Saturday, November 10, 2012

Inspiration can come from anywhere or... How I got scolded at The Home Depot

Inspiration for writing can come from anywhere, and I am always on the lookout for story ideas and characters. Sometimes a particular person, scenario, or conversation will catch my attention, and I will observe or listen for details that might inspire some future storyline, dialogue, or character. 

Some of my previous characters have been based on: a woman I saw at a local parade one day, a basketball player I heard speak once, an eccentric neighbor who used to live down the street from me, an overly-opinionated woman I used to know, a teenager who was an intern at a non-profit where I used to work.

Inspiration is all around us, and I'm very vigilant about those around me--almost too vigilant sometimes. So, I look around; I notice people around me. As Ferris Bueller would say:  "If you don't stop and look around once in a while, you could miss it." You could miss that spark of inspiration that might be the basis of the next  storyline, the next book.

Finding a balance is important though. You don't want to be found staring at someone as you try to figure out their deal or find how you might use them or their circumstance in your next book.

In September 2008, the approaching hurricane Ike caused residents of Corpus Christi to flood hardware stores such as The Home Depot in search of supplies. We were fortunate; we had wooden boards to cover our window. We were, however, in need of thick wood screws, so we ventured out to The Home Depot.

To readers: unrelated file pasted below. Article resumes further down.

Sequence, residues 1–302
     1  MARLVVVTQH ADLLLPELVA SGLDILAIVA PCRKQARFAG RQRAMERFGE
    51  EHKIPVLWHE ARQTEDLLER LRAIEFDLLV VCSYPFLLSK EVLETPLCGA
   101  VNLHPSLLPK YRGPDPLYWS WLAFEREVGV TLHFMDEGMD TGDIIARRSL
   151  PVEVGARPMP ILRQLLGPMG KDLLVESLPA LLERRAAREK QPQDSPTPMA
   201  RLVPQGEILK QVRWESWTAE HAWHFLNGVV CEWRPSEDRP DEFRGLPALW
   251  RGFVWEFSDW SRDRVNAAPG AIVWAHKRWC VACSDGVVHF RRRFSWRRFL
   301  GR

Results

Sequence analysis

There was a huge line of 20-30 people waiting for plywood to board up their windows. Many of them were in line for over 2 hours and could likely wait 2 more hours for the plywood to be delivered. There were trucks coming from other places (San Antonio, I assumed) to stock the stores in Corpus Christi.

As I was browsing for screws, I couldn't take my eyes off the long line of those waiting for plywood.  The line wrapped around the perimeter of the store. People were standing in line in desperate hope that enough plywood would come in time for them to board up their houses and evacuate. Thoughts ran through my mind--how might they be feeling? What are their circumstances? What's going to happen? I think that authors evaluate their surroundings and the people around them with a curiosity that is always on and never gets shut off. At least it is that way with me. 

And that is when.... I got scolded at The Home Depot. 

A man, standing in line, met my staring eyes and said: "What--do you think we're monkeys at the zoo?" I quickly tore my eyes away from the line, grabbed my screws, and shamefully headed for the long lines in the front. He was right. I was being rude, watching them in their time of discomfort. So, there is a fine line between watching the world around your for inspiration and intruding on the privacy of others. I am in constant search of that fine line, trying to make sure I don't cross it.

My curiosity of the world around me is always on. I am always thinking, thinking, thinking. I'm not a very talkative person. Some people might find me quiet, but that is because I'd rather be thinking than talking. I wake up in the morning with characters, storylines running though my head, and I go to sleep with those same thoughts running rampant through my brain. I know it might seem strange, but that is who I am.

So, if you find that you are in same position as I am, watching the world around you for character ideas and storylines, just make sure you find the right balance between "looking around once in a while" and getting scolded at The Home Depot. 


Diane v said...

Great post! The line, I'd rather be thinking than talking reminds me of Abby;). So excited to read your upcoming book!

Marcia Mickelson said...

Thanks, Diane. Abby is so great.

Amanda said...

I love people watching. I need to do that more often.

Marcia Mickelson said...

Amanda, I need to do it less often, I think. Ha, ha.